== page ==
#86 Cutting out Sodium in Heart Failure – A Taste of the Evidence
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- All-cause mortality, Relative Risk (RR)=1.95 (1.66-2.29), Number Needed to Harm (NNH)=8.
- Death due to HF, RR=2.23 (1.77-2.81), NNH=10.
- Hospital readmissions due to HF, RR=2.10 (1.67-2.64), NNH=5.
- Limitations: All studies authored by one group, adherence uncertain, very high diuretic doses, and inadequate background medical therapy may limit application.
- 302 HF patients, higher sodium (>3000mg/day):2
- Improved event free survival in NYHA class I/II.
- Worsened event free survival in NYHA class III/IV.
- 182 HF patients presenting to emergency with acute decompensation were:
- No more likely to have consumed high sodium foods in the three days prior than those with unrelated symptoms.3
- 123 HF patients who consumed >2800mg sodium/day compared to lesser amounts had:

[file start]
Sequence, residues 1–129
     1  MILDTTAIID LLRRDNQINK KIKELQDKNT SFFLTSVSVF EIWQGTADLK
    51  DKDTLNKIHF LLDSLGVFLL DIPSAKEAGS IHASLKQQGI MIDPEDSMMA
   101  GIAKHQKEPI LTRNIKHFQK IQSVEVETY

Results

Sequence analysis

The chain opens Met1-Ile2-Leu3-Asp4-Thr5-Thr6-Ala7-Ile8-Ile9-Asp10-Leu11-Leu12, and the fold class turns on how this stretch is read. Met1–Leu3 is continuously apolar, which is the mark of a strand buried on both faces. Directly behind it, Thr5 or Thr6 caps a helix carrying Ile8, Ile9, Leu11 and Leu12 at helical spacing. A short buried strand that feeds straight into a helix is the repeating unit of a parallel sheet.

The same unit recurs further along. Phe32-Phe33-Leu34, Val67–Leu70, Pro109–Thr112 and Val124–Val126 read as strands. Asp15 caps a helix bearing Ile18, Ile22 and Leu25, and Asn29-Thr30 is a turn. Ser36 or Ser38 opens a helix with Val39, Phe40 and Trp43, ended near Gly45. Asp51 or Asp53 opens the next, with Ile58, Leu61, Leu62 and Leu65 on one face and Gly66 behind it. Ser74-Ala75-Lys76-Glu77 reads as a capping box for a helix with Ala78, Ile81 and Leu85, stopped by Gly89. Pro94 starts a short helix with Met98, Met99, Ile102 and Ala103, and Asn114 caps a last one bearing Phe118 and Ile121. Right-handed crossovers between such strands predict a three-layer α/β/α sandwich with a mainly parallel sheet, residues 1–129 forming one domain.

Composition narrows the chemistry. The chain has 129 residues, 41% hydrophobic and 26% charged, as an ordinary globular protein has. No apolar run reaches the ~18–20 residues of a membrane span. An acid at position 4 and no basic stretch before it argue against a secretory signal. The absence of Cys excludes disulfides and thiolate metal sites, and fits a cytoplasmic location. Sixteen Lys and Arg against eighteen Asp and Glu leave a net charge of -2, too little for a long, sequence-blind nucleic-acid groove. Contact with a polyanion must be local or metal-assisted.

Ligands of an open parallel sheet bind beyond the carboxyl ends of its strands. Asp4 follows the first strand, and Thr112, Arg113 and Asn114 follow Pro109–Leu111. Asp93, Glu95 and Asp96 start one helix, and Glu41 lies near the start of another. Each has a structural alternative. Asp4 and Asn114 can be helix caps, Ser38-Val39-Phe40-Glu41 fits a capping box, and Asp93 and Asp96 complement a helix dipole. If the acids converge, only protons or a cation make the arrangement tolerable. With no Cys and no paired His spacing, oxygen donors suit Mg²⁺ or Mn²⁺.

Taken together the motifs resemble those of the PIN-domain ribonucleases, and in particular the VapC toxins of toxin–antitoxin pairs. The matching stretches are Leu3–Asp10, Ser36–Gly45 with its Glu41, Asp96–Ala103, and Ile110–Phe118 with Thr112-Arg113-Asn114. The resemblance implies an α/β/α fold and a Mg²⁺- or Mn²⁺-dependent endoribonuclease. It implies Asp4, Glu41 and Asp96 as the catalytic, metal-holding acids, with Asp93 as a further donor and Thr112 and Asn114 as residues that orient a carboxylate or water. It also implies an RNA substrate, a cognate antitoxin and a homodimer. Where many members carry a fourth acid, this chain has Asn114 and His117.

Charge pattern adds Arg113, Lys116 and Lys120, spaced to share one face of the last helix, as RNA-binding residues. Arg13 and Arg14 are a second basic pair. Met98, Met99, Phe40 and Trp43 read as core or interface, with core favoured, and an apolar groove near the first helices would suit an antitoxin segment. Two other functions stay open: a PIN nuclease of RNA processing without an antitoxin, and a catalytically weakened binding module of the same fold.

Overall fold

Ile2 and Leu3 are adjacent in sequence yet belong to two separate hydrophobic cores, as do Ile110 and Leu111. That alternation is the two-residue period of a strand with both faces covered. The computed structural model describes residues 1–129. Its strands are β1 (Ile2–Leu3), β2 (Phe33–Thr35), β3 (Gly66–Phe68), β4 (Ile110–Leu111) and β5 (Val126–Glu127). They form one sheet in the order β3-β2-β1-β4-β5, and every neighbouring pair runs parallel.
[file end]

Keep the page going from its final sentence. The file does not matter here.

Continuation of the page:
- Higher incidence of acute decompensated HF.4
- Sodium restriction in HF is based on the theory that increased activity of the reninangiotensin-aldosterone system and other neurohormones results in sodium and water retention.5
- Conversely, others suggest that sodium restriction may in fact trigger compensatory neuroendocrine responses leading to HF exacerbation.6
- Hyponatremia is a powerful predictor of poor long-term prognosis in patients with HF.7-9
- Canadian and US guidelines recommend restricted sodium intake of 2000-3000 mg/day for those with symptomatic HF, considering further restriction in those with moderate to severe HF (consensus of opinion of experts and/or small studies).10,11